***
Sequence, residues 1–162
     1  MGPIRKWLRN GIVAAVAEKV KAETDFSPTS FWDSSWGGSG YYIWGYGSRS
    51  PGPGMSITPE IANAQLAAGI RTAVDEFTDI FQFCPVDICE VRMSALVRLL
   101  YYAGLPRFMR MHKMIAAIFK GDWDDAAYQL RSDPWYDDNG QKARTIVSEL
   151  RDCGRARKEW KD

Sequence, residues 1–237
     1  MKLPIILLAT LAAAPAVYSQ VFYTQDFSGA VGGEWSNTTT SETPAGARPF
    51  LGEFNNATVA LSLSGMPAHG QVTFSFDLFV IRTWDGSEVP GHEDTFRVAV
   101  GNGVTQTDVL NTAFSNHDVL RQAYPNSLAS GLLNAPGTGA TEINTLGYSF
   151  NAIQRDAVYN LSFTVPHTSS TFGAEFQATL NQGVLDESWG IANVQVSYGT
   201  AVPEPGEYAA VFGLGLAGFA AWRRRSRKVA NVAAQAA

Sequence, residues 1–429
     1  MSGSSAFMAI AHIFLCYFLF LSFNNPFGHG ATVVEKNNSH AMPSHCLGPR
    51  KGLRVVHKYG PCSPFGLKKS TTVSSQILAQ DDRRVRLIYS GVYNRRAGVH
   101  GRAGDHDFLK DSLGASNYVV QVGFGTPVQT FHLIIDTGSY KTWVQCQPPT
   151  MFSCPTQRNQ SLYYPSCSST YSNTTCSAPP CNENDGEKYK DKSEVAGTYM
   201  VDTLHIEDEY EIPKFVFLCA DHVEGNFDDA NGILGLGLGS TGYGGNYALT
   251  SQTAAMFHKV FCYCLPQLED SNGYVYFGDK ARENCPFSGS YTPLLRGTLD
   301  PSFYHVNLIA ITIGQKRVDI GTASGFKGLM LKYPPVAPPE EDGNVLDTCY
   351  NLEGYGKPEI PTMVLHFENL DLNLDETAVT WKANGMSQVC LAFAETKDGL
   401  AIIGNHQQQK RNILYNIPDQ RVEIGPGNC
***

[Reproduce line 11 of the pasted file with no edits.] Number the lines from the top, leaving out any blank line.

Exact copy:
   201  AVPEPGEYAA VFGLGLAGFA AWRRRSRKVA NVAAQAA